“They have an Amazon-centric view of the book world, and expect authors to conform to how Amazon does things. The note here for you, authors, is to take advantage of this by using and exploiting Amazon’s resources, but work with your publisher; don’t work around them. And don’t for one second buy into the idea that Amazon is “it.” Yes, it’s the number one online space for retail sales; but for most publishers, Amazon accounts for only about 30%-40% of total sales.”

      As for me, I love Amazon. I still support local bookstores, but since going to a Kindle, I get all my ebooks on Amazon. I’ve long used the site for other purchases and have reviewed numerous products, including some books. I think Amazon’s Author Central is supportive of all authors, but particularly fabulous for indies. All the metric crunching seems daunting and at times not fair, however, analytics are a part of marketing and Amazon does seem responsive. I’ll check in with my opinion one day when I’m published, though! 🙂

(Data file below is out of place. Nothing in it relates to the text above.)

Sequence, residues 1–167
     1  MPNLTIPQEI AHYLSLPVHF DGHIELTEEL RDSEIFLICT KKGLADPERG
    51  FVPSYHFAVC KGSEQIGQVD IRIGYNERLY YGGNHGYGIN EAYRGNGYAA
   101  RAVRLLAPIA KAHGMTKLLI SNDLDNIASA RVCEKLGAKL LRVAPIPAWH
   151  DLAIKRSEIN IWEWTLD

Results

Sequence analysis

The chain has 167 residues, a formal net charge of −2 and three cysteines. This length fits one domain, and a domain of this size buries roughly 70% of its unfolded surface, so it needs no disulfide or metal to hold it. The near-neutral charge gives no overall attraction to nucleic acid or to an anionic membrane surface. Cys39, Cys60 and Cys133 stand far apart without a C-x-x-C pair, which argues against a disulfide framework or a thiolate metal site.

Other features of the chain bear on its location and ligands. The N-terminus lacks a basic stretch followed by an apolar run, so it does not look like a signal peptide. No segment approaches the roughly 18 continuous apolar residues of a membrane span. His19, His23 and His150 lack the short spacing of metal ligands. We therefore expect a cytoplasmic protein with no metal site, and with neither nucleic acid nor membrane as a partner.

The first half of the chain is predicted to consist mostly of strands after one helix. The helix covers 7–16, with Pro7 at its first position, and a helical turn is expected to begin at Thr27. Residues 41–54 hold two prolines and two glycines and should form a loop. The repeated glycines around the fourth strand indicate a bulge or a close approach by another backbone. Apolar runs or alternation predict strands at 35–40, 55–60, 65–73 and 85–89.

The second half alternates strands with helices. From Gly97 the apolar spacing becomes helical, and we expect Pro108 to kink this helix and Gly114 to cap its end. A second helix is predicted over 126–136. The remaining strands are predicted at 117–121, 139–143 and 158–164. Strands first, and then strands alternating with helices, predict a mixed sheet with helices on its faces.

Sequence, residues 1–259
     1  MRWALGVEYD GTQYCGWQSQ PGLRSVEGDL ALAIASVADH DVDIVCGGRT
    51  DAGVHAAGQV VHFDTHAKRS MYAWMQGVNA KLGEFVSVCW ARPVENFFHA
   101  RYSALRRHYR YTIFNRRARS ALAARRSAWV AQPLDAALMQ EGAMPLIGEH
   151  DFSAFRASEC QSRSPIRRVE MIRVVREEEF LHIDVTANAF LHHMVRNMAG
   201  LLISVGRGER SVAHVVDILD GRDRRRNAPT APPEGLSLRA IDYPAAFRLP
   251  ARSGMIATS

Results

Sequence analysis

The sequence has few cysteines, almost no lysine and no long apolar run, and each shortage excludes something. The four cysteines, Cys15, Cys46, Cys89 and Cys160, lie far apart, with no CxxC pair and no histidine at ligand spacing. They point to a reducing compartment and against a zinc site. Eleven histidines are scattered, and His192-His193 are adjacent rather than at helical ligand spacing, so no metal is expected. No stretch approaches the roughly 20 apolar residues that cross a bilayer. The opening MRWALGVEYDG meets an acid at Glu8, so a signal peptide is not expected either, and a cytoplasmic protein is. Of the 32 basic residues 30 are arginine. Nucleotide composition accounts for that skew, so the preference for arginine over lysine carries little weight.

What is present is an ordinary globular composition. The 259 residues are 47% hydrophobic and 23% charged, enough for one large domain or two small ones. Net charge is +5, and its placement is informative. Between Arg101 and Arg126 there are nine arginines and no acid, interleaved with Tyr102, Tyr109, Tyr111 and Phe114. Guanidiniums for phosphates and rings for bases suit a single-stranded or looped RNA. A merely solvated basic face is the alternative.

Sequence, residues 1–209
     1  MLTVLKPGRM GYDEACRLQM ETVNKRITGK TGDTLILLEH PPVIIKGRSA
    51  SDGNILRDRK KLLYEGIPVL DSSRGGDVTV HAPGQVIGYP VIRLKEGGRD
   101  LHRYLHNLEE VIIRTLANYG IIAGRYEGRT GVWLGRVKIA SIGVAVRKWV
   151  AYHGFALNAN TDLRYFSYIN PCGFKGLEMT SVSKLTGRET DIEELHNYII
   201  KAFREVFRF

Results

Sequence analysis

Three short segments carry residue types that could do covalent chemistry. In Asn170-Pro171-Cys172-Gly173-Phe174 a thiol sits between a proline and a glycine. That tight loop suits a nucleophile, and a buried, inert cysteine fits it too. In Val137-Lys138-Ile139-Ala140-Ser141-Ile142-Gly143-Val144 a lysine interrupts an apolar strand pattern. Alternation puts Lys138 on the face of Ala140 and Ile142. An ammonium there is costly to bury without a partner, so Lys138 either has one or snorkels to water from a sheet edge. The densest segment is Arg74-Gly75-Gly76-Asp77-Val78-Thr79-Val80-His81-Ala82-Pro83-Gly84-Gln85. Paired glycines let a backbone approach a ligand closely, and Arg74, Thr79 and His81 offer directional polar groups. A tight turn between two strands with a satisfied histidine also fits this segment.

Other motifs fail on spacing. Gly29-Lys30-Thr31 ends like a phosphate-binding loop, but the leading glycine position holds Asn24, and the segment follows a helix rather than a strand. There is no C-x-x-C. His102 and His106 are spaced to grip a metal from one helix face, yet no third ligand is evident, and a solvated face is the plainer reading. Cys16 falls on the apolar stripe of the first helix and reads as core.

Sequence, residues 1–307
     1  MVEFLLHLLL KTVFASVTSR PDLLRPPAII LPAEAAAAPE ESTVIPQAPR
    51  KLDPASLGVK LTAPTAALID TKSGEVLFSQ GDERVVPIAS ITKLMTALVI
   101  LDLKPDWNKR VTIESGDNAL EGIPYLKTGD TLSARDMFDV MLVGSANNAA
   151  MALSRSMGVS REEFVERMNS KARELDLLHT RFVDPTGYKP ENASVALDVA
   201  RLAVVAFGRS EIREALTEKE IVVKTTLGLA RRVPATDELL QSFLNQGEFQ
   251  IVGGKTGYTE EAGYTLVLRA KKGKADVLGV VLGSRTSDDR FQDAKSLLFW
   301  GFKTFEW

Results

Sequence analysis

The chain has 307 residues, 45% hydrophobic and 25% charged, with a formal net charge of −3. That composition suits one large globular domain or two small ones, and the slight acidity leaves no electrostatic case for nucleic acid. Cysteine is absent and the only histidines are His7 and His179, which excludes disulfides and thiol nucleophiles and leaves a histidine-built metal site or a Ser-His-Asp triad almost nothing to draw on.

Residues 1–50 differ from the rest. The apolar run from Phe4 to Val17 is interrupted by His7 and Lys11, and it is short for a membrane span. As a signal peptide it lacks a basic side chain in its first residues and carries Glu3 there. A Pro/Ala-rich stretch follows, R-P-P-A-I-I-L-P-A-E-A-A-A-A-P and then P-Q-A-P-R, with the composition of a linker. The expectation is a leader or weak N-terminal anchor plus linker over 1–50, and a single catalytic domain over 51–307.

I’d enjoy reading about your process in preparing for publication, too! It’s useful to see the different pathways available to authors.

      Liked by 2 people

  3. Annecdotist says:

    BTW, isn’t that a rogue apostrophe in your pleural of arena?
    Feel free to delete this comment if you wish.

    Liked by 2 people

  4. Jeanne Lombardo says: